|Erbakan is credited with laying the foundations of Turkey's political Islamist movement [Reuters]
Necmettin Erbakan, a former Turkish prime minister and the founder of the country's modern Islamist movement, has died from heart failure at the age of 85.
The Anatolia news agency says Erbakan died at Ankara's Guven hospital on Sunday.
Recep Tayyip Erdogan, Turkey's current prime minister, who was for many years one of Erbakan's lieutenants, said: "Erbakan was a scientist who devoted his life to learning. We will remember him with gratitude."
A professor of mechanics, Erbakan was affectionately known as Hodja, or "teacher", by his followers as well as current and former members of his now-banned Welfare Party.
Yasin Hatipoglu, a close aide to Erbakan, said that "the world of Islam lost a great man".
Although he served only a year as prime minister before he was pressured by the military to step down in 1997, he is credited with laying the foundations for political Islam in modern Turkey.
After he left office, his Welfare Party was the shut down by Turkey's Constitutional Court for undermining secularism.
The end of the Welfare Party led to the birth of the now-ruling Justice and Development Party, as well as a number of small pro-Islamic parties.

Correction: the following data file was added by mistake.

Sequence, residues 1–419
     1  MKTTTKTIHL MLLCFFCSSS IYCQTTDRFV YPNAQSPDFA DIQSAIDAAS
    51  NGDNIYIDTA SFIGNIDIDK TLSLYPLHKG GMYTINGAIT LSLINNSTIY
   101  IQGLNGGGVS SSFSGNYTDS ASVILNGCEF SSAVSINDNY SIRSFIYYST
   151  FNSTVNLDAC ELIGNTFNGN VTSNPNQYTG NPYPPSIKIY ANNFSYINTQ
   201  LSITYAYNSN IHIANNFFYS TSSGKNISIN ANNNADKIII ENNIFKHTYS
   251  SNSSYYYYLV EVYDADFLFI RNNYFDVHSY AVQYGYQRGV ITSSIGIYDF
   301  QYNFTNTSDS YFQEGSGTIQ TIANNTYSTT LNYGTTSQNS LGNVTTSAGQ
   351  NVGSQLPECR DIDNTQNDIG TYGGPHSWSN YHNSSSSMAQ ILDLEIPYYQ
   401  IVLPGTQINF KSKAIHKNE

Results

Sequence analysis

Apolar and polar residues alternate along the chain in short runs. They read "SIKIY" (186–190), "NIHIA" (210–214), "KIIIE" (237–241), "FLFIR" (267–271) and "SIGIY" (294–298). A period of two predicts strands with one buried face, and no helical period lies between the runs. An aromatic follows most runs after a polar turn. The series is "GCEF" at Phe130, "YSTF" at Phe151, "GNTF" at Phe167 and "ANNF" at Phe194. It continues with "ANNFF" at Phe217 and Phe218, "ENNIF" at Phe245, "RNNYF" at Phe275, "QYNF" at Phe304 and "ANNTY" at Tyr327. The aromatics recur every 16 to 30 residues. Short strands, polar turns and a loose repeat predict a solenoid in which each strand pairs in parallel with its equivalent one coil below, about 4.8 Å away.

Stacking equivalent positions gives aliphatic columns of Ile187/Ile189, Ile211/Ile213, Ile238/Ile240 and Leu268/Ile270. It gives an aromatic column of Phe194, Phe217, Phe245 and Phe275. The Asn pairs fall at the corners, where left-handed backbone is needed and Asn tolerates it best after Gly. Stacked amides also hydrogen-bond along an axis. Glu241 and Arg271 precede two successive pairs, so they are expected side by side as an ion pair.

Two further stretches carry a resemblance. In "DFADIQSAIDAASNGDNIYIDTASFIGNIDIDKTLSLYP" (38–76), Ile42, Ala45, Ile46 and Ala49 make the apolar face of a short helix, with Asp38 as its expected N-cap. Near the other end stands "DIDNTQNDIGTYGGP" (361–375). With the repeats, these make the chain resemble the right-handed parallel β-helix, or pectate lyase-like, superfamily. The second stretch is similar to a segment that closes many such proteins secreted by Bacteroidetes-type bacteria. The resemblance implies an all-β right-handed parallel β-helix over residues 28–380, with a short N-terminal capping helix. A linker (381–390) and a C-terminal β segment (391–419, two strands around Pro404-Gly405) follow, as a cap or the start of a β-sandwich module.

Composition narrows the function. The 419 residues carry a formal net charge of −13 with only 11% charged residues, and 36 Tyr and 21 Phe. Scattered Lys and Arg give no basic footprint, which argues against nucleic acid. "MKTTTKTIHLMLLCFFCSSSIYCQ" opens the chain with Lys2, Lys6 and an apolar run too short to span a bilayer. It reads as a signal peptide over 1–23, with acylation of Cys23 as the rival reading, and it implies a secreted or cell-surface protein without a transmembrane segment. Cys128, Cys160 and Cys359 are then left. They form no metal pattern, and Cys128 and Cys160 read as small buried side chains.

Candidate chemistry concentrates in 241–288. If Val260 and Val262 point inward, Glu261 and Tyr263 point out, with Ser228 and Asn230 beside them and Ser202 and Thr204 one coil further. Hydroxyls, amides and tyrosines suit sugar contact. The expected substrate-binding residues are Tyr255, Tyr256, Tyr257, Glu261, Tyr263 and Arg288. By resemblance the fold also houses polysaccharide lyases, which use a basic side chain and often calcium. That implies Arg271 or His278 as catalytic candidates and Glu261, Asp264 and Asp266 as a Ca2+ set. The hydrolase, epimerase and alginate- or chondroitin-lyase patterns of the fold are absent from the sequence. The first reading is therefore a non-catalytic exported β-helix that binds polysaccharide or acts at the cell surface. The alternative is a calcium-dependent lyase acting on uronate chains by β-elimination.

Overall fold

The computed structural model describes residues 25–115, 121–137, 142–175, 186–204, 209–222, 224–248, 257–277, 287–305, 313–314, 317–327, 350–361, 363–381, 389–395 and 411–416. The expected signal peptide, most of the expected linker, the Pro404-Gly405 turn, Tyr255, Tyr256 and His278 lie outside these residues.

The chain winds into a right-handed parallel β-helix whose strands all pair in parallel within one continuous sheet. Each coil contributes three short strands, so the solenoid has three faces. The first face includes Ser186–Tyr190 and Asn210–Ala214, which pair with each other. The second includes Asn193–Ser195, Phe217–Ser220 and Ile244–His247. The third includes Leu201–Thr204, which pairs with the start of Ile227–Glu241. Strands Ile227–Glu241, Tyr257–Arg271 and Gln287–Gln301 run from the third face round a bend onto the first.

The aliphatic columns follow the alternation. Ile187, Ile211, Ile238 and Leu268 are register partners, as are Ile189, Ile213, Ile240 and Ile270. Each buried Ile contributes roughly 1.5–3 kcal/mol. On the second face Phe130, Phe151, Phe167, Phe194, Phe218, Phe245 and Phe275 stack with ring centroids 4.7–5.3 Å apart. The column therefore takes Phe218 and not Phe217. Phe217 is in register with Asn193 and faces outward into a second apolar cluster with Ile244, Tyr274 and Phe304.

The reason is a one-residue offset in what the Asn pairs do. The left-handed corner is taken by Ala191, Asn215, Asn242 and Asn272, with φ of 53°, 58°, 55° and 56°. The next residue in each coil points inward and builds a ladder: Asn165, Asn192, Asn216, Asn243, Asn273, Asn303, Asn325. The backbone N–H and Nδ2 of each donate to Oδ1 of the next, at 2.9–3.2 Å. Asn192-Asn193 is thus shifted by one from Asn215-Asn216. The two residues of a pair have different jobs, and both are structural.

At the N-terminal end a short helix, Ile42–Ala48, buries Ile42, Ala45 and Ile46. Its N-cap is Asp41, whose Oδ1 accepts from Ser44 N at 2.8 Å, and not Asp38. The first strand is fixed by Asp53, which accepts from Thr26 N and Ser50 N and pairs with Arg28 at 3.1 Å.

Erbakan had alarmed the military, which sees itself as the guardian of Turkey's secular traditions, with his moves to allow female civil servants to wear Islamic attire at work and to rearrange working hours to fit fasting times in the holy month of Ramadan.
Erbakan resigned in June 1997 to appease the military, which has staged three coups since 1960.
He was later barred from politics for five years and also convicted of falsifying party records and hiding millions in cash reserves ordered seized after his party's closure in 1998, but was elected as the head of Felicity Party as soon as his political ban ended in 2003.
Erbakan was first elected to parliament as an independent legislator in 1969. As well as his year as prime minister, he also served as deputy prime minister in several coalitions in the 1970s.